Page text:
Irish people want to conduct their main banking transactions with a human being and not a computer. This is the finding of a new survey from the Credit Union Development Association, which found that more than 6 in 10 people still opt for face-to-face interactions when opening a current account or accessing car finance, and 8 in 10 want to take out the mortgage with the help of either a lender employee or a broker (See Appendix).
The credit union representatives say indicates just how important face-to-face interaction still is with the public when it comes to banking.
The research, which surveyed 1,000 people nationwide found:
- More than two thirds (65pc) of those who opened a current account over the last five years did so with in-person support from branch staff.
- 54pc of those who opened savings accounts preferred to do so with in-person support.
- Six in 10 (63pc) used face-to-face help when taking out car finance.
- The vast majority (87pc) of those who applied for a mortgage in the last five years did so either in branch – or in person with a financial advisor.
Speaking of the findings, Kevin Johnson, CEO of CUDA, said:
“The preference for face-to-face interaction doesn’t surprise us and supports the decision of credit unions to retain this key service while rolling out their new digital channels for members. Choice in how to interact with a financial institution is imperative for consumers. It’s not ok that some banks appear to be trying to force their customers to fit into their lower-cost branch models, in an effort to boost profits for shareholders but to the detriment of customer service.
“Borrowing for a major purchase such as a car or home is a big deal for most people, so it is not surprising that so many people need the reassurance of the personal touch when taking out a personal loan or a mortgage. People have financial needs and financial challenges, some straightforward and some requiring quite specific advice, so they should be able to decide between going online and walking into their local branch and getting face-to-face help if they need it.”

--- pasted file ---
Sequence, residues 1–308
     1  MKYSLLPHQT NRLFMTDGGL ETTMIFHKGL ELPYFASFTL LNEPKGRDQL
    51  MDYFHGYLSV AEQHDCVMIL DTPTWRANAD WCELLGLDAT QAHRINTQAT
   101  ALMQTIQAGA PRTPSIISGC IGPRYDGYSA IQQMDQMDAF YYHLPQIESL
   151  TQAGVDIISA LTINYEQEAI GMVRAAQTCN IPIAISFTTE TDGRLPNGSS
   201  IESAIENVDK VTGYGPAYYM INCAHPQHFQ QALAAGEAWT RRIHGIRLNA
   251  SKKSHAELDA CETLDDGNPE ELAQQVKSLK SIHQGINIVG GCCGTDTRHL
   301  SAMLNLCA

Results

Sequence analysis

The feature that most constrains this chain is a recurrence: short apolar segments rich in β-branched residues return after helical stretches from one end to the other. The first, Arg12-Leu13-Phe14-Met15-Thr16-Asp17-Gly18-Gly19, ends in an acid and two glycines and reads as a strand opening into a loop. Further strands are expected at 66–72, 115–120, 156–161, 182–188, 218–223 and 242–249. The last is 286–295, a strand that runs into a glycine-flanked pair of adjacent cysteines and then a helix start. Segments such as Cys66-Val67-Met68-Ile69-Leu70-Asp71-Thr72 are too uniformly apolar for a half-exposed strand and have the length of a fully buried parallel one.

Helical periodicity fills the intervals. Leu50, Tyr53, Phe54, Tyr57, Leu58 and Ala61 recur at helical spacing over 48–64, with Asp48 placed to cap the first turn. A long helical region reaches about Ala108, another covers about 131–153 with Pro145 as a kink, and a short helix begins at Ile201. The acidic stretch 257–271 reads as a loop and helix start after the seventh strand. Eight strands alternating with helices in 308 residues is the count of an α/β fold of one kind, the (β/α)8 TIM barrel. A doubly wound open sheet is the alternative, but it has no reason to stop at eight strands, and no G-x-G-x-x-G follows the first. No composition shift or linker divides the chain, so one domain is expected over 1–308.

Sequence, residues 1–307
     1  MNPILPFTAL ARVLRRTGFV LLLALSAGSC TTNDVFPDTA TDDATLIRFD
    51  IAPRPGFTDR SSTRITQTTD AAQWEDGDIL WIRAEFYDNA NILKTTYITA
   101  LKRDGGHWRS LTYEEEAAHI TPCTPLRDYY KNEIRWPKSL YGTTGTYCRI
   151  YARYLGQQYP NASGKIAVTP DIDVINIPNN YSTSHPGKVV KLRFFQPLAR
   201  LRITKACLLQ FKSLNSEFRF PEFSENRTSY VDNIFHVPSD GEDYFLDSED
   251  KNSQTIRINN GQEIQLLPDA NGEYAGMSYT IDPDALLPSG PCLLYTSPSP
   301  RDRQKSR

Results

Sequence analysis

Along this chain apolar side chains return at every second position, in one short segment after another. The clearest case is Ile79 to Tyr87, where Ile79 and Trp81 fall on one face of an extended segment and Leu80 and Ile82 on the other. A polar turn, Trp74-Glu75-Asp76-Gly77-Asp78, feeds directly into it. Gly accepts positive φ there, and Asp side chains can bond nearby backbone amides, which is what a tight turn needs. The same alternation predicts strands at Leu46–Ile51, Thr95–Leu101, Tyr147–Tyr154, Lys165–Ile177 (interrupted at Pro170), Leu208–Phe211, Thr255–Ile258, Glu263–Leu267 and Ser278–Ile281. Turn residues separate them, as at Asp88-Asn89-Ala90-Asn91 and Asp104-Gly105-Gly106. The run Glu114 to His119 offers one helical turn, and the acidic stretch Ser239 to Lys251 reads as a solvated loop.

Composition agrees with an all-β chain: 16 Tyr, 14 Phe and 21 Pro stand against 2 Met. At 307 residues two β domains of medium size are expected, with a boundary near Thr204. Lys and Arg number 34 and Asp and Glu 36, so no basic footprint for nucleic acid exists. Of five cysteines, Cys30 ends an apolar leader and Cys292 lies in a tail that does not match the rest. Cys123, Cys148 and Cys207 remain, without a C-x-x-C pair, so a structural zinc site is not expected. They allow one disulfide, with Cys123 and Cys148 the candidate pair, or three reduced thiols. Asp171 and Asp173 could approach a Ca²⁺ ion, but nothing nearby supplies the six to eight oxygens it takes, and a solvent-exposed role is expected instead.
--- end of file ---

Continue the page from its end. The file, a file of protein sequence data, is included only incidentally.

Where we bank is changing
The CUDA survey revealed that more than 7 in 10 people still bank with the countries three main banks.
But Mr Johnson contends that the tide is turning against the pillar banks and,
“There is a definite shift in mindset in recent years and people are becoming increasingly open to the offerings of other providers. This change in behaviour is only going to gather more pace in the next few years and we believe the market will really open up and the Irish banking landscape will look completely different in five years’ time. Credit unions for their part are making a real play to grow their role by offering people the length and breadth of the country exactly what they need – efficient and effective banking solutions, with digital, local and in-person support”.
Further highlights from the CUDA consumer survey include:
- One in 20 (5pc) said they used a fintech such as Revolut, N26 or Bunq for most of their banking needs.
- Those aged between 25 and 34 are more likely than other age cohorts to use a fintech for most of their banking needs – 13pc vs the national average of 5pc
- One in 25 (4pc) use credit unions for the majority of their banking – twice as much as the number who cited An Post.
- Men are more likely to use a credit union or a fintech for their banking needs – though the numbers are still relatively small.
Mr. Johnson concluded
“ As co-operative societies, owned by and managed in the interest of their members, credit unions understand the importance of setting and achieving service levels at the standard expected by the members. They are delivering digital services with a personal touch, only in this way, they can be certain that they will achieve high levels of customer experience satisfaction, retain business and also optimise the use of valuable resources. With this in mind, credit unions continue to invest in emerging technologies, as these give rise to new ways of conducting financial activities, while also continuing to invest in their people. Balancing these investments enables them offer both digital and face-to-face options to both borrowers and savers.”